I encountered something today in C# that I’ve never seen before and it caught me off guard.  In looking at the WSE 2.0 samples to understand how the transport mechanisms have changed, I came across the following in StockService:

Uri uri = new Uri("soap.tcp://" + System.Net.Dns.GetHostName() + "/StockService");

SoapReceivers.Add( uri, typeof(StockServiceRequestReceiver) );

You’re probably wondering, “What’s the big deal, Hambone?”  On the surface, this doesn’t seem so odd until you look at the method signature for SoapReceivers.Add:

public static void Add(EndpointReference, SoapReceiver);

public static void Add(EndpointReference, Type);

public static void Add(EndpointReference, SoapReceiver, bool);

public static void Add(EndpointReference, Type, bool);

Nowhere does SoapReceiers.Add take a System.Uri, yet that’s what’s being passed in above.  What makes this possible is an implicit operator on EndpointReference that takes a Uri:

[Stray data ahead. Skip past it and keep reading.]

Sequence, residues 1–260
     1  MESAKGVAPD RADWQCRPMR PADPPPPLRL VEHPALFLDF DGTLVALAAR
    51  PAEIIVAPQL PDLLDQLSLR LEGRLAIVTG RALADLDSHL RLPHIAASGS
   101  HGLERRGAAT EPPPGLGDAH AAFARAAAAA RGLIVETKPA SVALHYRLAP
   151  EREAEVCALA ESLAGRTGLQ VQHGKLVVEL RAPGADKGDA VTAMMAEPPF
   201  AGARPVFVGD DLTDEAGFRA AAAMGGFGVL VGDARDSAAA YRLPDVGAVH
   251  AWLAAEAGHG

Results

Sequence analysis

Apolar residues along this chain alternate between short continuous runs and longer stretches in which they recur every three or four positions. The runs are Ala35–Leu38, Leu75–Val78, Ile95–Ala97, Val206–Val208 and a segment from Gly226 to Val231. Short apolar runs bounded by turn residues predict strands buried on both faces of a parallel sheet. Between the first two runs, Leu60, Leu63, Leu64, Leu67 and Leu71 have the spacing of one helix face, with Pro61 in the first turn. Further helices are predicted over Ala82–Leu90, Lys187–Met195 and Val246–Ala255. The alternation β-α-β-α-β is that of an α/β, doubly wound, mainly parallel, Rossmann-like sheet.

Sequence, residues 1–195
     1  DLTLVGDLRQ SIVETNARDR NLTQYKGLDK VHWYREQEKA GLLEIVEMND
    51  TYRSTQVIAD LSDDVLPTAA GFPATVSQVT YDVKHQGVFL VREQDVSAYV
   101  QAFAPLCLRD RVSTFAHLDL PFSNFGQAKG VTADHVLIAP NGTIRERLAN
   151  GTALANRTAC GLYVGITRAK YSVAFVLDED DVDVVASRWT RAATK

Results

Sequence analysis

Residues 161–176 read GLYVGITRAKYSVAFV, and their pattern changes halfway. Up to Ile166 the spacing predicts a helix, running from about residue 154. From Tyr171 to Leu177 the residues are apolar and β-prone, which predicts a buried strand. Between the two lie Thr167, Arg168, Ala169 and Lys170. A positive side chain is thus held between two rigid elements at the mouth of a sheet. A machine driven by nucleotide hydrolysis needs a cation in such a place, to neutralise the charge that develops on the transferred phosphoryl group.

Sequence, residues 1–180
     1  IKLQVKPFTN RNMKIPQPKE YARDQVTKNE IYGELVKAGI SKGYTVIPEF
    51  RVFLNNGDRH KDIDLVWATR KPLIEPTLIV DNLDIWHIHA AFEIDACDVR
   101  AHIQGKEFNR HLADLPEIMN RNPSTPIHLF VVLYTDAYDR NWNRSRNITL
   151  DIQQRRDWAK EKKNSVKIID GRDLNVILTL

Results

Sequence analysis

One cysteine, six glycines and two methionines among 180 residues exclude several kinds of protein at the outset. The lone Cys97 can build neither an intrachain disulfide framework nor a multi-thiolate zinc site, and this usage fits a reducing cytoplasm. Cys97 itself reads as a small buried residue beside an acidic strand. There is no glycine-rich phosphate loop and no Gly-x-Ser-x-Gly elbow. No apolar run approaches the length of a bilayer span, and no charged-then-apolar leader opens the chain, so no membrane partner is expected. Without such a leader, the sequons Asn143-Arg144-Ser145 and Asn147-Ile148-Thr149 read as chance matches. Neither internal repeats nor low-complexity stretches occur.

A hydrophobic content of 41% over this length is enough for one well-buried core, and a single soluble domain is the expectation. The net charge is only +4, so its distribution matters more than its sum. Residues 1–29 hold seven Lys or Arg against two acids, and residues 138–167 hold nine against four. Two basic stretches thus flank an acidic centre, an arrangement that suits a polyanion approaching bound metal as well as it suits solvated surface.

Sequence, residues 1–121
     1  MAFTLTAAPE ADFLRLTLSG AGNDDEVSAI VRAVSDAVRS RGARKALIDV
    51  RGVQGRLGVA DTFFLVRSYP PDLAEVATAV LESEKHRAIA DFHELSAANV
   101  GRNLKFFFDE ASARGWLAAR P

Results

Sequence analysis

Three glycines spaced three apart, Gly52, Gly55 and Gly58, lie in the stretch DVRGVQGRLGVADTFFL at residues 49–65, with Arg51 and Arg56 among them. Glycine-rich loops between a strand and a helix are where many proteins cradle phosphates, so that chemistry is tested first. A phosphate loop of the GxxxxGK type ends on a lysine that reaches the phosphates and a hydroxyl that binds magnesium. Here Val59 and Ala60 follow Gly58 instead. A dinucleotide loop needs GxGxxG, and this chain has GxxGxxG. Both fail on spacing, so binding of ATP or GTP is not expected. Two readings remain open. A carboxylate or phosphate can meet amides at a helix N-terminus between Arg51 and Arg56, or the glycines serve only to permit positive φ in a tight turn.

public static implicit operator EndpointReference(Uri uri)

{

      return new EndpointRefernece(uri);

}

I hate to admit that I was responsible for conducting a number of classes internally on C# and a) never brought this up and b) it was never mentioned.  In fact, this is the first time I’ve actually seen this in use.  I’m interested in your feedback … how many of you use this C# feature in your development, and to what effect?